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US$4-M hydro plant in St Ann a lucrative possibility

Wigton Windfarms limited plans to more than double its capacity over the next three years at a cost of approximately US$50 million.
Through wind energy projects that are to be pursued should lead to an 18 MW expansion on Wigton lands during the first phase, at a cost of US$43.2 million.
Additionally, the government-owned power producers plans to execute a shareholder agreement with interested parties for a joint venture company leading to development of a small hydro 2 megawatt (MW) facility at Laughlands, St Ann at a cost of US$4.1 million by the last quarter of this year.
The Petroleum Corporation of Jamaica (PCJ), the state agency charged with securing the island’s energy hopes to derive up to 30 megawatts (MW) of electricity from the flow of water, through such partnerships.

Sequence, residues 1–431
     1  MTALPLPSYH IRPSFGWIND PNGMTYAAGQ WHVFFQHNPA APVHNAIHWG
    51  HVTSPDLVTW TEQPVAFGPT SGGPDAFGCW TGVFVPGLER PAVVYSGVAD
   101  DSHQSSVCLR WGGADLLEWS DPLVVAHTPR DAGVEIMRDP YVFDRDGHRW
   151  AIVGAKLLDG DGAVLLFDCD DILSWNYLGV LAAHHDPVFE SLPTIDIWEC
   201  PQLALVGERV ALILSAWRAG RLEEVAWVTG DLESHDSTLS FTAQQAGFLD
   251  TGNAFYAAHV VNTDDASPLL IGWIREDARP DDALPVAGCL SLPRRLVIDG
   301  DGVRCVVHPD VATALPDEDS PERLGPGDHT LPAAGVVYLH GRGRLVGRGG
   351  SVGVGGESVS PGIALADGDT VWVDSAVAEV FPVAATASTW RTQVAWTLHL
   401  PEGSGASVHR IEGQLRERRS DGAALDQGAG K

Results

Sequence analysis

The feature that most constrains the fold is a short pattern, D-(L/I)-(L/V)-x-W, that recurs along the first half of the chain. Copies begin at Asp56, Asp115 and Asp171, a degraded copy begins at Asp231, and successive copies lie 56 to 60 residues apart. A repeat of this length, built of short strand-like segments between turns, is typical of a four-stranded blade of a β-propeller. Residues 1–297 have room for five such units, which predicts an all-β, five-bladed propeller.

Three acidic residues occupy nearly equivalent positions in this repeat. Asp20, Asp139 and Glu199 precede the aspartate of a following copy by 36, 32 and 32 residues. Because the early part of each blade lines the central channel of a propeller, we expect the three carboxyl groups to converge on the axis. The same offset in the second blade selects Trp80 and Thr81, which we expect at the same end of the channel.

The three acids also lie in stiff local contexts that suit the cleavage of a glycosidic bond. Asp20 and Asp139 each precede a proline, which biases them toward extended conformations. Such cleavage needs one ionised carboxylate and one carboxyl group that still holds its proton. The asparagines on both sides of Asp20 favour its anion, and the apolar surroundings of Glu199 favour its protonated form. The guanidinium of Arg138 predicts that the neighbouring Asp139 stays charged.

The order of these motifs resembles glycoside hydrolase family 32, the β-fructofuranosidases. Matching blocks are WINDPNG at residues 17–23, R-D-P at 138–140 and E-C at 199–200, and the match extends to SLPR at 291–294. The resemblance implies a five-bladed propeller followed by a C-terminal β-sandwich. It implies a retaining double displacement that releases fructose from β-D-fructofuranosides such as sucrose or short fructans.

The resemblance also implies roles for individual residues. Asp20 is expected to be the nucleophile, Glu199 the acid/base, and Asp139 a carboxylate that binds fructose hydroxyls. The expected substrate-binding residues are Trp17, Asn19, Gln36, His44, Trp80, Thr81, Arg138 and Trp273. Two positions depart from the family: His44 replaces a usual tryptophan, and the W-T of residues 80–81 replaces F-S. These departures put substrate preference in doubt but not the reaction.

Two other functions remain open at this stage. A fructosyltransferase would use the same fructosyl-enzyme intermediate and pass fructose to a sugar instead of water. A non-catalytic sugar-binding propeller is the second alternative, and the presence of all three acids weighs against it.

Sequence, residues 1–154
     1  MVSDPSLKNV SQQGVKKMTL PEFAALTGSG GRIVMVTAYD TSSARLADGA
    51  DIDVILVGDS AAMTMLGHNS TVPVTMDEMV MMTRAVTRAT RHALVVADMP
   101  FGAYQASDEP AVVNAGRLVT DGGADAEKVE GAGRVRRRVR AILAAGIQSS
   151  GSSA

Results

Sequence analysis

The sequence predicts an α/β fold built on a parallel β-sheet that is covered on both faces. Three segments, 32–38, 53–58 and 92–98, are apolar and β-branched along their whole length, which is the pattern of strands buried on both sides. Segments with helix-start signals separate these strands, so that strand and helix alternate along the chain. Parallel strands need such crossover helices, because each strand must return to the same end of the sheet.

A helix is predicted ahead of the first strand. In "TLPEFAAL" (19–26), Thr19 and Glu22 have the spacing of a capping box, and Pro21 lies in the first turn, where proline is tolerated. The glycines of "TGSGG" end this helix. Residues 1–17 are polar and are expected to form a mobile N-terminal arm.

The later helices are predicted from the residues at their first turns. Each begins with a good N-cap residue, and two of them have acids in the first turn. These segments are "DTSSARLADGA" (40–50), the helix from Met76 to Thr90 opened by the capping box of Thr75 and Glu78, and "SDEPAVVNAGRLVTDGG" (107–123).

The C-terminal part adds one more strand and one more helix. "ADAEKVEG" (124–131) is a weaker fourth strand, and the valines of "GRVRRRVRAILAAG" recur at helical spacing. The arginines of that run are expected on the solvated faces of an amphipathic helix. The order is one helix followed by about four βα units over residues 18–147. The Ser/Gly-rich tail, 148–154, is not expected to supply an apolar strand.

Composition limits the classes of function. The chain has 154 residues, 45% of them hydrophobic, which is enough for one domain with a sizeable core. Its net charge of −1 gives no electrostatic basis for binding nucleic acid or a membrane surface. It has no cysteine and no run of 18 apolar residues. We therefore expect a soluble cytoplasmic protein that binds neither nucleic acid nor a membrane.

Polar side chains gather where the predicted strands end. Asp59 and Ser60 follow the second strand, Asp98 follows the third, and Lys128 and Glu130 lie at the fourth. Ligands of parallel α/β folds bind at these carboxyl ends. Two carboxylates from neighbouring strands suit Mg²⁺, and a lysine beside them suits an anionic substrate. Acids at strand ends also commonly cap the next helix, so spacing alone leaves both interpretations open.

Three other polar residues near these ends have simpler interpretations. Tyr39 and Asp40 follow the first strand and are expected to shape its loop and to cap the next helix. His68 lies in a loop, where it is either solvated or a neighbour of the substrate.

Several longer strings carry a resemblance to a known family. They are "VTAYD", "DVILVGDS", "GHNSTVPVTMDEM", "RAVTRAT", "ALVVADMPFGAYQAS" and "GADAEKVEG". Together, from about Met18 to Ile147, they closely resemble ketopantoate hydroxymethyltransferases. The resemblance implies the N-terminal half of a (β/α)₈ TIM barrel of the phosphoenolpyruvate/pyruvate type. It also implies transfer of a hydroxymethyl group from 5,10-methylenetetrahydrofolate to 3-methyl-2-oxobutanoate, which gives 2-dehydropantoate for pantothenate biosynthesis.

Hydro and wind are the most competitive renewable energy sources with fossil fuels but the hydro plant stands out as the more lucrative.
Wind generation, as with the case of Wigton Wind Farm, the state-run power generation company, yields around a third of installed capacity, contrasting the 80 per cent or more of installed capacity that one can get from hydro plants.
According to the estimates done by Wigton, the capital cost for the 18 MW windfarm will run at around US$2,400 per kilowatt (kW) installed, while the Hydro plant will cost just over US$2,000 per kW.
Conventional petroleum-based generating plants run at less than US$1,000 per kWh.
The firm capacity of the plants, or the actually amount supplied to the nation’s power grid, show an even higher capital cost for wind, placing it at nearly three times the cost of hydro.
Mikel Oerbekke, a director of Eco-Tec, a technology firm operating out of Westmoreland, Jamaica, however, says the higher costs of both should not be looked at in isolated of the avoided cost of oil needs.
“One megawatt-hour (MWh) cost between US$110 and US$118 for oil,” said Oerbekke.

Wednesday, April 23, 2008



Category/ies:Jamaica News.
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